| Musings |

Pandemonium Planned

I’m never actually present at these alleged family meetings, but given my children’s behavior, I’m 90 percent certain they do take place


Actual Hypothetical Recorded Minutes of the Swerds Boys Family Meeting (circa 2017):

Four-year-old: “Hey, guys, I think it’s great that we’ve been able to wake up before 5 a.m., but we can do better than that.”

Three-year-old: “Really? I’m pretty maxed out from getting up at five. By 4:30 in the afternoon, I’m losing my mind.”

Four-year-old: “No, let’s not wake up earlier, let’s just tag-team Mommy. If we plan it well, we can have her awake for most of the night. That way, she doesn’t ever have to miss us!”

Infant: “Sounds like a plan. What if instead of just waking up and eating, I also throw up everywhere?”

Four-year-old: “Perfect. Look, I’ll start by going to sleep super late. Who wants 12 a.m. to 2:30 a.m.?”

Two-year-old: “Oh, I’ll take that. It’s super fun to sing and talk in my crib and at some point, take off my pamper so that Mommy can’t decide if she should panic and come into the room or stay out and let me fall back asleep.”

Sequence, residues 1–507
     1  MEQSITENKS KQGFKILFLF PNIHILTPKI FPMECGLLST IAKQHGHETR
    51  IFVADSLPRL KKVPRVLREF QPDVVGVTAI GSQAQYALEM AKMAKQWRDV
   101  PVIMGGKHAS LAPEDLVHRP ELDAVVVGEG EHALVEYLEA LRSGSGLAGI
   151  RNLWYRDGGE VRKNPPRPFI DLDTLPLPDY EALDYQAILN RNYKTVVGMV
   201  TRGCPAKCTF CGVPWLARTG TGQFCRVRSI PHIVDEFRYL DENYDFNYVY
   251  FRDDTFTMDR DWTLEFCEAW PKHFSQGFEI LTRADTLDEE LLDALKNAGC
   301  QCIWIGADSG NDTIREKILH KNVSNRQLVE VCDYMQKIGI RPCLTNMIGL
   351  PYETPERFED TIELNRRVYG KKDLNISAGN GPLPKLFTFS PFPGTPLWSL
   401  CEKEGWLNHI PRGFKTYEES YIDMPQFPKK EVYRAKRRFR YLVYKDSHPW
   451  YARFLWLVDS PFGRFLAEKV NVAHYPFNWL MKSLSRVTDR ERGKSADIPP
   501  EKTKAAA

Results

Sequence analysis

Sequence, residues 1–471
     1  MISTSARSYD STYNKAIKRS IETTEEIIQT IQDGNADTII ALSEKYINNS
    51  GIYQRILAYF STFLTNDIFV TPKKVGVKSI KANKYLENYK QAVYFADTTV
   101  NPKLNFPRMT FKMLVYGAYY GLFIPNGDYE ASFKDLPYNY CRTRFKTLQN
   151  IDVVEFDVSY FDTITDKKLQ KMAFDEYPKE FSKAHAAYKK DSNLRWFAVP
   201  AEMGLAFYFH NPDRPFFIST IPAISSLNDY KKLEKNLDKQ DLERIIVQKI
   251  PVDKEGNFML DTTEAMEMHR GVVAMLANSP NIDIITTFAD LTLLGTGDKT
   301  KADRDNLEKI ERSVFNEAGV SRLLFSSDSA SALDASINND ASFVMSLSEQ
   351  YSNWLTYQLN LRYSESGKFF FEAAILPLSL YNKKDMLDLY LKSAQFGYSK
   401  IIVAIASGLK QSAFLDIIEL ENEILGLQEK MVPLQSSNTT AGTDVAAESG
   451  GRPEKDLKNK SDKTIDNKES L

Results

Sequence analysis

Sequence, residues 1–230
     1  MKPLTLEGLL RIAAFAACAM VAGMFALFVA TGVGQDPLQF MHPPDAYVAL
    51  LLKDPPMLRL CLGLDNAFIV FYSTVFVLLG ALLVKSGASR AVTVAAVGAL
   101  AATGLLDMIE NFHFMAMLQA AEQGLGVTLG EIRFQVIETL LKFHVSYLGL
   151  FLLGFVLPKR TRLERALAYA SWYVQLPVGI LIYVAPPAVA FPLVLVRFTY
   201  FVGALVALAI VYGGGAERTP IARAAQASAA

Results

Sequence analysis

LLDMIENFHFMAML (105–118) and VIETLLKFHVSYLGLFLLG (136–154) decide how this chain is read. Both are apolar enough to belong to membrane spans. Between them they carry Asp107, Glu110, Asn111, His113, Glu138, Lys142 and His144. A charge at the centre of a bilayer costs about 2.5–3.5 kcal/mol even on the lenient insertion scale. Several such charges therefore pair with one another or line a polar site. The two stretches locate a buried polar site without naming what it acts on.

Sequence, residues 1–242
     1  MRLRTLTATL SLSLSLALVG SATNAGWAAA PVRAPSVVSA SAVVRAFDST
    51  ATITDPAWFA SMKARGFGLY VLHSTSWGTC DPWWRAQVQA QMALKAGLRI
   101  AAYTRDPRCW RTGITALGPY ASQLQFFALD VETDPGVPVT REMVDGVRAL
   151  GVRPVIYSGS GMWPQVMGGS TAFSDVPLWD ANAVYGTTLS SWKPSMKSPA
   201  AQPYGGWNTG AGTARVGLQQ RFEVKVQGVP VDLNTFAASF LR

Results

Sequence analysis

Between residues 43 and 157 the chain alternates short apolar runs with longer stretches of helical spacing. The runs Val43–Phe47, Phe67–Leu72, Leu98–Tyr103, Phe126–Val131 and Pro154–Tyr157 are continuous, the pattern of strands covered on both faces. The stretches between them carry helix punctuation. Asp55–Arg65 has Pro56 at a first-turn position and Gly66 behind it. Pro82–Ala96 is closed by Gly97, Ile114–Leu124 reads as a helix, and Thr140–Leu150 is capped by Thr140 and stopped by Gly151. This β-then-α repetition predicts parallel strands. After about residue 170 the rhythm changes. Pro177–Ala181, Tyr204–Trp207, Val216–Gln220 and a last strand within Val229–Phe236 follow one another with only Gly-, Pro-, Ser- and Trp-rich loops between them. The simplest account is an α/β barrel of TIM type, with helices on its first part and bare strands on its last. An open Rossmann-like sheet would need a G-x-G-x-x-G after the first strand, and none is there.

Three-year-old: “I’ll take the next shift. I’ll let Mommy sleep for 30 minutes and then I’ll wake up at 3 a.m. and tell her I want candy. I’ll pretend I have no idea why I can’t have candy now and I’ll get out of bed four times asking for candy just to see how long it takes her to lose it. Also, that way we can see each other more often. I’ll be pretty tired, though, so I don’t think I can go for longer than an hour.”

Four-year-old: “Don’t worry about it. I’ll do the next round. I’ll let Mommy sleep for 15 minutes and then I’ll have a scary bad dream so she’ll wake up, and I’ll insist I can’t go back into my own bed unless Mommy comes into the room and watches me to make sure my bad dream doesn’t come back.”

Three-year-old: “Is that enough? I feel like Mommy going back to sleep at 4:45 is still going to allow her to sleep for a block of time. Don’t we want to test her endurance and her love for us?”

Infant: “I can be up at 6 a.m. if that’s helpful, so that you guys can sleep in.”

Two-year-old: “Yeah, I’m with the baby on this. We can both be up at six. You guys sleep in until Mommy has to wake you to make it to school on time.”